Recasting Kidney Failure as Cardiovascular Disease
Total Medicare expenditures on the health care of patients with permanent kidney failure have steadily risen to more than $35 billion per year, although per capita expenditures on the care of dialysis patients have been relatively stable in recent years.1 This conflict in trends can be readily explained by the seemingly unstoppable increase in the number of people undergoing chronic dialysis.
Dialysis Patient Population Growth
Today, that number exceeds 510,000. Nevertheless, the annualized rate of growth in the dialysis patient population has recently slipped below 2%.Learn More
Cardiac Arrhythmia: An Ominous Side Effect of Thrice-weekly Hemodialysis?
Many studies represent incremental gains in our understanding of human pathophysiology. Some studies, especially large randomized clinical trials, can singlehandedly change the standard of care. Other studies, at the most unexpected times, flash a signal that raises the question of whether the widely accepted standard of care is simply inadequate.
In the April 2018 issue of Kidney International, Prabir Roy-Chaudhury and colleagues published one such study. These investigators reported data from a prospective, multicenter study, the Monitoring in Dialysis (MiD) Study, which was conducted in both the United States and India and aimed to estimate the proportion of thrice-weekly hemodialysis patients who experienced clinically significant arrhythmias during 6 months of follow-up.Learn More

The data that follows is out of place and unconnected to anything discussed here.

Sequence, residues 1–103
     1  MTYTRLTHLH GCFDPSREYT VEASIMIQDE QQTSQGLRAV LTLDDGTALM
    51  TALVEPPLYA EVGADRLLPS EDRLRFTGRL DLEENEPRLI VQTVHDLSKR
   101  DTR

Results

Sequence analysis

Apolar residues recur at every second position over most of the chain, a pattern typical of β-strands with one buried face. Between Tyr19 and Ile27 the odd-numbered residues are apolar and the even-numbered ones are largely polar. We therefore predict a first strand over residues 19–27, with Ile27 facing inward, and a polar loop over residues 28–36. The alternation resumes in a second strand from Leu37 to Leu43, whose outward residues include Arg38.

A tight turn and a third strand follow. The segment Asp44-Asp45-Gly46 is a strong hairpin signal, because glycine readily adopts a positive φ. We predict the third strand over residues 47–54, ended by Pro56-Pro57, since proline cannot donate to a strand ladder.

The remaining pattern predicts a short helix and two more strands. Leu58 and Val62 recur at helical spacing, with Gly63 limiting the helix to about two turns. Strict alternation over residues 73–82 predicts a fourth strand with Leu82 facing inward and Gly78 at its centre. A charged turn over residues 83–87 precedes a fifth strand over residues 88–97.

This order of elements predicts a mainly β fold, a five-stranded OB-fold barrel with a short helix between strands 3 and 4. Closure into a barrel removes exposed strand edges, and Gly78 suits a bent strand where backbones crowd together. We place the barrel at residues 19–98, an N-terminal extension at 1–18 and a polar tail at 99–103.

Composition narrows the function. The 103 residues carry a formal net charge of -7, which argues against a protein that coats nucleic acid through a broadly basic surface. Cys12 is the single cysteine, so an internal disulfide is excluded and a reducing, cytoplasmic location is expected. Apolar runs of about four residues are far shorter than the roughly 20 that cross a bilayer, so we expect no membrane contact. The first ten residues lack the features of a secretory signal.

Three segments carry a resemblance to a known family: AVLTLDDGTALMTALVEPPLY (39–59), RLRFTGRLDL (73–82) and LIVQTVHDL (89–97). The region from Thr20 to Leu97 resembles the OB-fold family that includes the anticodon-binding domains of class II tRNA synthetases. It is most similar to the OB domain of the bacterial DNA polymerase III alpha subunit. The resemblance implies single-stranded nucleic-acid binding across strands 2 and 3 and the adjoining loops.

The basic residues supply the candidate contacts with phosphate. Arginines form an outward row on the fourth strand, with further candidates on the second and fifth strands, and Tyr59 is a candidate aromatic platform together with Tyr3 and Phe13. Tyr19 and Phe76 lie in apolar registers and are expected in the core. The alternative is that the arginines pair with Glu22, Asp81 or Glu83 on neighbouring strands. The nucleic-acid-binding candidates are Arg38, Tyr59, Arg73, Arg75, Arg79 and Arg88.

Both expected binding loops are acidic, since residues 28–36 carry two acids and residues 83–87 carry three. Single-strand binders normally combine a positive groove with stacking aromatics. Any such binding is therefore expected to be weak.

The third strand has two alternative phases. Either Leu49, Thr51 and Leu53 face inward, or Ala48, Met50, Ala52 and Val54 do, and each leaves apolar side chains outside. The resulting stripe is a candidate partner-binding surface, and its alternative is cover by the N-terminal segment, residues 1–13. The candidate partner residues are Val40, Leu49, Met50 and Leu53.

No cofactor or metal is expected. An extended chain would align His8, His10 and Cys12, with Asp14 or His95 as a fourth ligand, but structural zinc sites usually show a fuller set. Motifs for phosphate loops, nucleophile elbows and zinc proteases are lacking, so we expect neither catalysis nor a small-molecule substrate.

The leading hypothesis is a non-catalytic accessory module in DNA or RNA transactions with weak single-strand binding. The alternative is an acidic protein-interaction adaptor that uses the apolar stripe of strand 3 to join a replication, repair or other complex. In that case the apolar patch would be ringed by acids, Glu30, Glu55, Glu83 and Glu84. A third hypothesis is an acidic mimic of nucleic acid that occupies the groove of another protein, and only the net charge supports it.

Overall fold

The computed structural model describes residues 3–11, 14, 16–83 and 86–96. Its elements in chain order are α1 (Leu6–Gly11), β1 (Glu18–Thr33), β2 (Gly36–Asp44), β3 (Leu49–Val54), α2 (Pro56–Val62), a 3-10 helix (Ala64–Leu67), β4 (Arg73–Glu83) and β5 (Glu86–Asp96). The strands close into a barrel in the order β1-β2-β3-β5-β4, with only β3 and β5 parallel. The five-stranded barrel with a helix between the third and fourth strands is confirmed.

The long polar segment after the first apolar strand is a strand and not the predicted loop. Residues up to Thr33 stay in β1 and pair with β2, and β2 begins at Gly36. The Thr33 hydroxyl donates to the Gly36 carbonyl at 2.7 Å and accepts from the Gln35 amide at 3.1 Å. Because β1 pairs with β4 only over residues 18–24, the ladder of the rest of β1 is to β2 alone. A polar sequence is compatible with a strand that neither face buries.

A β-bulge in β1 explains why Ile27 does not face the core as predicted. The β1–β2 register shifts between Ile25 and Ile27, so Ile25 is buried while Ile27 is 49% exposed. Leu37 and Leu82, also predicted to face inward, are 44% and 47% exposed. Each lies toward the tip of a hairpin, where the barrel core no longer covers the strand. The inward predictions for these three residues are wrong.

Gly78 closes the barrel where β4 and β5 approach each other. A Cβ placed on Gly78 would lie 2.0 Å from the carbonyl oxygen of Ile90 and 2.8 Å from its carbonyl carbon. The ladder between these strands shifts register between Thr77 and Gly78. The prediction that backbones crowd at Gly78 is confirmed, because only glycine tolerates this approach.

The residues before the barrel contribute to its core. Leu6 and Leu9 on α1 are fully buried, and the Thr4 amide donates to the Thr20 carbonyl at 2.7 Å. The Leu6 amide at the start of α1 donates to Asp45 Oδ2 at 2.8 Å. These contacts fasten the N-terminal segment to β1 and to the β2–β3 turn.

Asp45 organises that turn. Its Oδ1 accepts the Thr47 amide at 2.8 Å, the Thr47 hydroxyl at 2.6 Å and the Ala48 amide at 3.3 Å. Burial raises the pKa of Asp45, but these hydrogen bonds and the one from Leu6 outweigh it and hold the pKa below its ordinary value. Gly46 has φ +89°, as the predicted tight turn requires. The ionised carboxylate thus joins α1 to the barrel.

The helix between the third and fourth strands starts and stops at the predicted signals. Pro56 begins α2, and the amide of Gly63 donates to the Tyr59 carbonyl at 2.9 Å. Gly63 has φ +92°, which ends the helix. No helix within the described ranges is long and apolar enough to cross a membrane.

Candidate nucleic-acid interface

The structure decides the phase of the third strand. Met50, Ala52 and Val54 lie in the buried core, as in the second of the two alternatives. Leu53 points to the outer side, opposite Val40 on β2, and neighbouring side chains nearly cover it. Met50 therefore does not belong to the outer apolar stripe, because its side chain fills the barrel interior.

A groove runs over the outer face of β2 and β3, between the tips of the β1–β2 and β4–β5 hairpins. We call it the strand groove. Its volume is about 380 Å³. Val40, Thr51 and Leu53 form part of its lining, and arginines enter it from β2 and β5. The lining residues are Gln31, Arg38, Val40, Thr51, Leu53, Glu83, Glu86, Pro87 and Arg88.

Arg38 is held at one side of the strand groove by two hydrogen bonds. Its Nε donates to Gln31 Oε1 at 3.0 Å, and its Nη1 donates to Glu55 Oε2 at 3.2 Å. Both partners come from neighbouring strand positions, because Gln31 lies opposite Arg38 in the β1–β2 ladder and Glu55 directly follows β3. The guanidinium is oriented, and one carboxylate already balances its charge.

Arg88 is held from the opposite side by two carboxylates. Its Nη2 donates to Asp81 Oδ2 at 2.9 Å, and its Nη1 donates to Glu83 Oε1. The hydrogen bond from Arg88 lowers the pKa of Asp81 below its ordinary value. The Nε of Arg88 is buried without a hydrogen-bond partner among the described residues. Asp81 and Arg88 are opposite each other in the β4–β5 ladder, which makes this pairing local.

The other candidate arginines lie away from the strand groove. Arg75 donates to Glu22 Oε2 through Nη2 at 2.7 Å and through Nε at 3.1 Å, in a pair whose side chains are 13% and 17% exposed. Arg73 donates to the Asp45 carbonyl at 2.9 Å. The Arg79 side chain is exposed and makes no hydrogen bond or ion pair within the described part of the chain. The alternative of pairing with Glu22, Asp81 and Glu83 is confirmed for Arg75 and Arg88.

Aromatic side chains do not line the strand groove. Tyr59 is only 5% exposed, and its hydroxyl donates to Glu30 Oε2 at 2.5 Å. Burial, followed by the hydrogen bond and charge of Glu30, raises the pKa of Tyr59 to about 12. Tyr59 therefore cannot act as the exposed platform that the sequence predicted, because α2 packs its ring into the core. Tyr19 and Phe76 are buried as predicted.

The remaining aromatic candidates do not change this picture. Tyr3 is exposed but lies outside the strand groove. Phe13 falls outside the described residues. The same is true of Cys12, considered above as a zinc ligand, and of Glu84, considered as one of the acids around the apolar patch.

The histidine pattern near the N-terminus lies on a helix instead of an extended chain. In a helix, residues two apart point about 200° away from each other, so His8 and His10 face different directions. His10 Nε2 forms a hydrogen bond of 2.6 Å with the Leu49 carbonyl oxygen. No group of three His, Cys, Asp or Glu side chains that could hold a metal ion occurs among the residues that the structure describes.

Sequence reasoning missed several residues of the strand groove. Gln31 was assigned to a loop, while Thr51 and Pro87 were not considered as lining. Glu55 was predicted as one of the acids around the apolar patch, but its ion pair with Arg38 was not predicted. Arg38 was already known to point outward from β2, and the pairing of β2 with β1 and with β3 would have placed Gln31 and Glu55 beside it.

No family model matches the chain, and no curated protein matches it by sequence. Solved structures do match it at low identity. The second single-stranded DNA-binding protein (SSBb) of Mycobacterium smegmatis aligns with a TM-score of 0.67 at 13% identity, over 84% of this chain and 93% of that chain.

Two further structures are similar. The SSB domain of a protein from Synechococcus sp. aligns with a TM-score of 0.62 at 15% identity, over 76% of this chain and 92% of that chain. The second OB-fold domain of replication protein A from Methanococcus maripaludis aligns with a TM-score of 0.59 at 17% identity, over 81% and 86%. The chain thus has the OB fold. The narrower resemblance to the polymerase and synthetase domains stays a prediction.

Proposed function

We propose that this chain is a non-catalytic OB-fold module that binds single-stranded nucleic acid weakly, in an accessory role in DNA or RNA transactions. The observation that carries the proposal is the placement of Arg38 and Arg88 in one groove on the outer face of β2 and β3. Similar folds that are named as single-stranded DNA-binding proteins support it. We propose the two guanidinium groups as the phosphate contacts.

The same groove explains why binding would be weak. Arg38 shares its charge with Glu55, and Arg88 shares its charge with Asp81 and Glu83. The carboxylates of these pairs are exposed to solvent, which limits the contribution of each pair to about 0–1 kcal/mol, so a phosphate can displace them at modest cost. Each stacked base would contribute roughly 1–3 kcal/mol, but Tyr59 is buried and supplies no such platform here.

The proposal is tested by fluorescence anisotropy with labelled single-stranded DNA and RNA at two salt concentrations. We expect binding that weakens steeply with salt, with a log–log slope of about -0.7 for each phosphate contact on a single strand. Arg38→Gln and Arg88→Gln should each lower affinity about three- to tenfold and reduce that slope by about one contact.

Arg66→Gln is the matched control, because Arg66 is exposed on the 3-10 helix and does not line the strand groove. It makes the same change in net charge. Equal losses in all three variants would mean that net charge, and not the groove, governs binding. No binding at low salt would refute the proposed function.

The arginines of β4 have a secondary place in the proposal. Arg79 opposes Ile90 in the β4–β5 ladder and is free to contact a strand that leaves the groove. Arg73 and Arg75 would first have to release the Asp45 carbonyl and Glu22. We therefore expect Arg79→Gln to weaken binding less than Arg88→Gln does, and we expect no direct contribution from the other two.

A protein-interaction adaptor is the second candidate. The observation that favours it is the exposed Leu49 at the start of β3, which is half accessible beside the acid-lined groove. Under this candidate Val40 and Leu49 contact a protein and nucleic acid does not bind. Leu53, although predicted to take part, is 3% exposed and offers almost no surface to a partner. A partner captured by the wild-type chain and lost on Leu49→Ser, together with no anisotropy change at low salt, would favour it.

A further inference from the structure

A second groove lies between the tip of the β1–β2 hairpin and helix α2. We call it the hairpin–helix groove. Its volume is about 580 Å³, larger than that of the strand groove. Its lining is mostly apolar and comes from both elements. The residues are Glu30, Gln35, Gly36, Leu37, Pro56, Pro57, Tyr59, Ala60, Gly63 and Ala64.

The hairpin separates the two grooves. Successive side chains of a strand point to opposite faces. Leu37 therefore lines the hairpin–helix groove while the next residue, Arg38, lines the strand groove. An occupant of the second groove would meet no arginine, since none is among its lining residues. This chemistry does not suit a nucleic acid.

Hypertension in Dialysis Patients
The link between hypertension, left ventricular hypertrophy, heart failure, and sudden death is clear. In the dialysis population, persistent hypertension is observed in the majority of patients, making it a fundamental and unmet challenge. Accumulating evidence shows that ambulatory blood pressure is a better predictor of survival than in-unit blood pressure—and, importantly, that ambulatory blood pressure is linearly associated with risk of cardiovascular events.1,2
As clinicians, how should we respond to this challenge?Learn More
International Guidelines for Increased Hemodialysis Time and Frequency
During the past 10 years, there has been a proliferation of research about intensive hemodialysis, including both longer and more frequent hemodialysis sessions. The accumulation of data from studies has led to the development of clinical practice guidelines about hemodialysis time and frequency, with a focus on identifying indications for increasing time and frequency.
In the United States, Medicare requires medical justification for reimbursement of additional hemodialysis sessions (i.e., treatment beyond 3 sessions per week). Clinical practice guidelines not only from the United States, but also from Japan, the United Kingdom, Europe, and Canada together encourage physicians to consider applications of longer and more frequent hemodialysis sessions in patients with cardiovascular complications, including left ventricular hypertrophy and uncontrolled hypertension; hemodynamic instability during dialysis, possibly due to excessive ultrafiltration intensity; hyperphosphatemia; and malnutrition.Learn More